Additional notes:

1) This article is purely based on a literature review. It provides a prediction of what is expected to be the best method to sustainably achieve with low-tech means a green/white tea extract that is reliably potent. Experiments with the above method are needed to confirm or disprove what I described. The results are of interest to me, so do share in the comments what the results are for you or if you have a question.

2) The could be a possibility of the bacteria S. mutans adapting to the active ingredient in green or whit, rendering the mouthwash useless. Only long-term experimentation will tell.

References
[1] Int J Dent Hygiene 9, 2011; 110–116 DOI: 10.1111/j.1601-5037.2009.00440.x, “A pilot study of the role of green tea use on oral health”, Awadalla HI, Ragab MH, Bassuoni MW, Fayed MT, Abbas MO.
[2] Indian Journal of Dental Research, 24(1), 2013, ” Comparison of the effectiveness of 0.5% tea, 2% neem and 0.2% chlorhexidine mouthwashes on oral health: A randomized control trial“,  Aswini Y Balappanavar, Varun Sardana1, Malkeet Singh
[3] Nutr Cancer. 2001; 41(1-2): 98–103. doi:  10.1080/01635581.2001.9680618, “Inhibition by White Tea of 2-Amino-1-Methyl-6-Phenylimidazo[4,5-b]Pyridine-Induced Colonic Aberrant Crypts in the F344 Rat“,  Gilberto Santana-Rios, Gayle A. Orner, Meirong Xu, Maria Izquierdo-Pulido, and Roderick H. Dashwood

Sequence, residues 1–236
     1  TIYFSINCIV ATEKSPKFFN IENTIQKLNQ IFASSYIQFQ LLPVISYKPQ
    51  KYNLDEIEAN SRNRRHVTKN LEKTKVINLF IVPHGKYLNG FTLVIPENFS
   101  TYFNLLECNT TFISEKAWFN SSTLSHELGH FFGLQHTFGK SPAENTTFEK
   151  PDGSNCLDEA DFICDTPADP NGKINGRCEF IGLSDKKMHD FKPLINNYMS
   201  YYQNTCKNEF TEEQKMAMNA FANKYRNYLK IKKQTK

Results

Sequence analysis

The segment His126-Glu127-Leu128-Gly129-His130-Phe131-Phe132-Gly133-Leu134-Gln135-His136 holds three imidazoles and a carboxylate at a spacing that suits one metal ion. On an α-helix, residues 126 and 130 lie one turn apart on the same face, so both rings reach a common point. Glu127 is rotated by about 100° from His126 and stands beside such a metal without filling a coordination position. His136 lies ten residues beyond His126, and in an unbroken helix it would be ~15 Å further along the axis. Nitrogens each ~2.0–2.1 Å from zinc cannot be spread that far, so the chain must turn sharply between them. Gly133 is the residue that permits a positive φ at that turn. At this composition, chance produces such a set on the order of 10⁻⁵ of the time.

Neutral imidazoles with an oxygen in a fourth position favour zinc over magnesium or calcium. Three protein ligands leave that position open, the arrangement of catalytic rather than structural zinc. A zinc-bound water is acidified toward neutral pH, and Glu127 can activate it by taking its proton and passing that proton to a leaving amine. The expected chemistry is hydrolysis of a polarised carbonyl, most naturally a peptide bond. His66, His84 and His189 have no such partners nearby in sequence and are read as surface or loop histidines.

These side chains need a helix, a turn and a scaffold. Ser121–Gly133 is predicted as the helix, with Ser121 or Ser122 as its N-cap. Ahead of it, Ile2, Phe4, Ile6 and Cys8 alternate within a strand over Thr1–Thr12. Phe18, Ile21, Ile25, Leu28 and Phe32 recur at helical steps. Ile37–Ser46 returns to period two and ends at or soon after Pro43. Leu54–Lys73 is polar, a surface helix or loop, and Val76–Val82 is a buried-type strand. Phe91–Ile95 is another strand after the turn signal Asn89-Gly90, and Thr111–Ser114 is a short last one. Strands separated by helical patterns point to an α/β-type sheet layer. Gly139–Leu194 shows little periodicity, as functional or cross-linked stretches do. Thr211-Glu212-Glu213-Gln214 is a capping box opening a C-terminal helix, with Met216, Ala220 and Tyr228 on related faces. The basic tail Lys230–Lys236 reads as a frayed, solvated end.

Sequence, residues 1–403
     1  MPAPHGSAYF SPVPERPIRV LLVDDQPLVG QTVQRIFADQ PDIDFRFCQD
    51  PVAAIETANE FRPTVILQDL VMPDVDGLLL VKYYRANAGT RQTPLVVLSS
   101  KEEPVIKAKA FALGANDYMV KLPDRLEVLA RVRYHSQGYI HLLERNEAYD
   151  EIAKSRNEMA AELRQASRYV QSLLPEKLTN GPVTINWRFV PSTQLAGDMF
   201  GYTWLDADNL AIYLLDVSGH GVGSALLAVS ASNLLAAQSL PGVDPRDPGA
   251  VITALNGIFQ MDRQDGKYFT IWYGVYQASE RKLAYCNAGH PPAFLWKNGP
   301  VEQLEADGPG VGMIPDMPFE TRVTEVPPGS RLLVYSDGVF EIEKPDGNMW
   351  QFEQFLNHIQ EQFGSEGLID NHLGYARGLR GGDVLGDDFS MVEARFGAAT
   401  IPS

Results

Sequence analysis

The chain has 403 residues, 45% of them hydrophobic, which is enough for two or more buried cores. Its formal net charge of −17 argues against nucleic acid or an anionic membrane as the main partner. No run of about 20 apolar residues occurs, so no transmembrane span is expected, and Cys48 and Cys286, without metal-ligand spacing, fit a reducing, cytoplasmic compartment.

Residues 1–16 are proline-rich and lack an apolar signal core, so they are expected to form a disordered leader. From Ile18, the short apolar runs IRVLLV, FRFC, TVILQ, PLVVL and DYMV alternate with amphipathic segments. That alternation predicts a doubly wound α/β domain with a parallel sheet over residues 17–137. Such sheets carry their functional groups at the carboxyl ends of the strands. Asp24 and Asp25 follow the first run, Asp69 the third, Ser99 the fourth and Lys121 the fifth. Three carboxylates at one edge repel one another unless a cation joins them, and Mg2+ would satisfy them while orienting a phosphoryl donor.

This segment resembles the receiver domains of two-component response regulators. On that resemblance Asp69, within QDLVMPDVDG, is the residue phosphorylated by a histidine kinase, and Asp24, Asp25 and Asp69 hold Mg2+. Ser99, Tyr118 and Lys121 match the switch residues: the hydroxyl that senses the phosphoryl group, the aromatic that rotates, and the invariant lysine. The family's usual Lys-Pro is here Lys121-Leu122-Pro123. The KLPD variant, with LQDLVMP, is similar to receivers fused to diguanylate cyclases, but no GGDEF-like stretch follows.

[4] Unachukwu, U. J., Ahmed, S., Kavalier, A., Lyles, J. T. and Kennelly, E. J. (2010), White and Green Teas (Camellia sinensis var. sinensis): Variation in Phenolic, Methylxanthine, and Antioxidant Profiles. Journal of Food Science, 75: C541–C548. doi: 10.1111/j.1750-3841.2010.01705.
[5] Hasan S, Danishuddin M, Adil M, Singh K, Verma PK, et al. (2012) Efficacy of E. officinalis on the Cariogenic Properties of Streptococcus mutans: A Novel and Alternative Approach to Suppress Quorum-Sensing Mechanism. PLoS ONE 7(7): e40319. doi:10.1371/journal.pone.0040319

9 thoughts on “Science-based Recipe for Green Tea And White Tea Mouthwash

  1. Thank you for the research you did. I found it most useful.

    I think Dr. Greger should have clarified that the tea will be a Camelia Sinensis cultivar not some other green plant or bush which some people may think is the case. I agree with your assessment since my own research pointed to the same conclusion that each batch of tea steeped would have to be tested for PH and there is likely no way of determining just what percentage of catechins are to be found in commercially bought teas. There are likely to be a lot of variables packet by packet or batch by batch.

    Wishing you well.

  2. Hi Charmaine,